The Baltimore and Ohio Railroad’s arrival in Harpers Ferry was a pivotal turning point both literally and figuratively in the history of early American rail travel. Built to connect the trade networks that extended across the Atlantic Ocean from Baltimore and down the Ohio and Mississippi Rivers from what was then Wheeling, West Virginia, the B&O Railroad was one of the earliest attempts to construct a long-distance rail network in the United States. Although engineers in the United Kingdom had demonstrated the utility of railroads in transporting passengers and goods across short distances, they had largely avoided the issues of long distance and mountainous terrain that promised to face any attempt to connect the eastern and western US by train. So, despite the early optimism of the B&O’s investors that their trains might reach Wheeling within the first five years after construction began in 1828, by 1832 they had only reached Point of Rocks, Maryland. There, the narrow span of terrain between the Potomac River and a series of cliffs put them into direct dispute with their regional competitor the Chesapeake and Ohio Canal for space to build their line, a dispute that took a full year, a series of court cases, and the direct intervention of the Maryland legislature to resolve. Eager to connect with the Winchester and Potomac Railroad being built through Virginia towards Harpers Ferry at the same time, the B&O continued on after this delay to the side of the Potomac opposite their goal by 1834 and completed a wooden railroad bridge across the river in 1837.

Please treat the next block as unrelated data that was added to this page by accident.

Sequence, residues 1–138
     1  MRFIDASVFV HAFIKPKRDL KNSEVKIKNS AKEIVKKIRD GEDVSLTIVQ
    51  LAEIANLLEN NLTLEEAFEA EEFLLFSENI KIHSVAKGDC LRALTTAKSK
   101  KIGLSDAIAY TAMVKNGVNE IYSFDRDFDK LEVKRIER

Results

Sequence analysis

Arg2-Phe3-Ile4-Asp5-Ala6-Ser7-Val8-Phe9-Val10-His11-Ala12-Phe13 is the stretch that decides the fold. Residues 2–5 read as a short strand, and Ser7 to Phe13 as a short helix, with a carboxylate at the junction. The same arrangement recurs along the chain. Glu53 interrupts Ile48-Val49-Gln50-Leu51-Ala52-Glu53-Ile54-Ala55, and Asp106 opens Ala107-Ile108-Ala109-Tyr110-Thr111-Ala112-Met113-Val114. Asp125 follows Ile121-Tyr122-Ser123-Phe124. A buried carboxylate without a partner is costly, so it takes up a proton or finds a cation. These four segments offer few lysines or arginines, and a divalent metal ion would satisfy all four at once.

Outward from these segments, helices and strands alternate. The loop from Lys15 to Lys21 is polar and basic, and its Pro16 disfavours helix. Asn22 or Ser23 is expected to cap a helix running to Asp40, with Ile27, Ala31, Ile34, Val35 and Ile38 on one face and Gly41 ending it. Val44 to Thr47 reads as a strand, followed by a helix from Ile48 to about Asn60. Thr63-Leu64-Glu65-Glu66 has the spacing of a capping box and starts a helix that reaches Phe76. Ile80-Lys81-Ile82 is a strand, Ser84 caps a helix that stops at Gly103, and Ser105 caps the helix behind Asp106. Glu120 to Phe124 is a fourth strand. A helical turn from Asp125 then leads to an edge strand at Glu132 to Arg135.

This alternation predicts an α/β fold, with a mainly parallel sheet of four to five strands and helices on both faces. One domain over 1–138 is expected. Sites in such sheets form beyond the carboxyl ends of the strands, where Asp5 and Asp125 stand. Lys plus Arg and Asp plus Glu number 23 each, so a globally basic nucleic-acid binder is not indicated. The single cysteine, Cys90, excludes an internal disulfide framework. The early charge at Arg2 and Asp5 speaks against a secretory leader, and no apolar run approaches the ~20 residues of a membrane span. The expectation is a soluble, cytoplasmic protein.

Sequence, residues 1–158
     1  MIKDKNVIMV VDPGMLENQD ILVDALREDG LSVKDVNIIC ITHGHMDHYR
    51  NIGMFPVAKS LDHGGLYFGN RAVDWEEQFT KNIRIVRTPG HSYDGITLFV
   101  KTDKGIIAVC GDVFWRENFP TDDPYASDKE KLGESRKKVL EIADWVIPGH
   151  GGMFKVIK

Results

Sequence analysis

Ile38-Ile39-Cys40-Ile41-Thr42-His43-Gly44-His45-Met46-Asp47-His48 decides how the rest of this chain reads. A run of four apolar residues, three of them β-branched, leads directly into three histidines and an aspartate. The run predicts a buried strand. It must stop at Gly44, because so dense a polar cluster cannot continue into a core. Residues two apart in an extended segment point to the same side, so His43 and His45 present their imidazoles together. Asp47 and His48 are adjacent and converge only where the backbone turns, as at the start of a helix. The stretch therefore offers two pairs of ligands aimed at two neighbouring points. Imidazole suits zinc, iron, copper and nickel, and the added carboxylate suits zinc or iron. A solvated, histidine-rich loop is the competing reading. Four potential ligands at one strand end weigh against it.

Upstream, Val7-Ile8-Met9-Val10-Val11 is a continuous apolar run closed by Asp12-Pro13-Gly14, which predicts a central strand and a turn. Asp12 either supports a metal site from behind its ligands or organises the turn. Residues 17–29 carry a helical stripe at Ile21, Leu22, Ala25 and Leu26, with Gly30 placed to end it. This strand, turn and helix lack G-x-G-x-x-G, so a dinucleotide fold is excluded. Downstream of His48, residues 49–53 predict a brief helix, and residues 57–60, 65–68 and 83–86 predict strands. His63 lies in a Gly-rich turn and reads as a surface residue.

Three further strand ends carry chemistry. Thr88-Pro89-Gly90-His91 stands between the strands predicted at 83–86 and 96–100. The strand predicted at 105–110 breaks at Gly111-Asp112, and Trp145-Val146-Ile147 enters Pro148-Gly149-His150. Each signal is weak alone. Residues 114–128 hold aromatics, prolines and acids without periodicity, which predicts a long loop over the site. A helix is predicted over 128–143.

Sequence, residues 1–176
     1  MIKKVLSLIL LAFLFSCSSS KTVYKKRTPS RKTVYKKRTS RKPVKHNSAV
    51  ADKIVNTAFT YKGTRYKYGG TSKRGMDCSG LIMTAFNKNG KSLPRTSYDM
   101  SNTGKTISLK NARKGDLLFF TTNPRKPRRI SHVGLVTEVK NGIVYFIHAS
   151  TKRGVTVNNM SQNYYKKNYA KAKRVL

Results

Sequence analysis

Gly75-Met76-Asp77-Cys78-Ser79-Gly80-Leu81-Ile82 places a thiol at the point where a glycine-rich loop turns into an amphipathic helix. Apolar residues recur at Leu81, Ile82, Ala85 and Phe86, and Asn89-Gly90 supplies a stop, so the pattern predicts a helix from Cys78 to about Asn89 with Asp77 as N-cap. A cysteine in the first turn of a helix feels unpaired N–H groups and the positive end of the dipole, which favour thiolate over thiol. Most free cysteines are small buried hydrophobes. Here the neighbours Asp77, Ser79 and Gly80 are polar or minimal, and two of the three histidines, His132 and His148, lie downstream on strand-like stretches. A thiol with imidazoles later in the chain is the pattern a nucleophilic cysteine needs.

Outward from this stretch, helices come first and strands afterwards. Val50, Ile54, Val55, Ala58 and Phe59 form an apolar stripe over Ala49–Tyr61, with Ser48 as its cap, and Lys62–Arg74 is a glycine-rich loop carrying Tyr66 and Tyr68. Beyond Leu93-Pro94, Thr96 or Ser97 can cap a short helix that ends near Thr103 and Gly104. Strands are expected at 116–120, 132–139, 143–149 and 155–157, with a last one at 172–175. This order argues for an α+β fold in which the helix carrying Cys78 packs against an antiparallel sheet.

Already looking to the future, the B&O had purchased a lot in Harpers Ferry near the convergence of the Potomac and Shenandoah Rivers the previous year, where they constructed a ticket office and several other buildings to service the railroad. Once trains began arriving in Harpers Ferry the railroad once again hit a snag. Hoping to continue its tracks down the Winchester and Potomac line, the B&O entered negotiations to lease several miles of the W&P so that their trains could travel on a direct route from their bridge across the Potomac to a point in the Shenandoah Valley where it could make a gentle turn to the northwest towards Martinsburg. For unknown reasons, however, the W&P refused to lease their tracks, forcing the B&O to reach an agreement with the federal government (which had purchased land for an armory in the town). Eventually, the B&O was able to finalize this agreement and built an elevated track along the edge of the armory grounds. The new route forced the B&O to turn their tracks at almost a 90-degree angle once they crossed the Potomac Bridge, a severe turn that promised a continual threat of disaster until the rerouting of the tracks at the end of the nineteenth century. After this turn was added and the railroad left Harpers Ferry, it reached Martinsburg on May 21, 1842 and Cumberland, Maryland six months later. It took a full decade more for it to make its way to its final destination at Wheeling.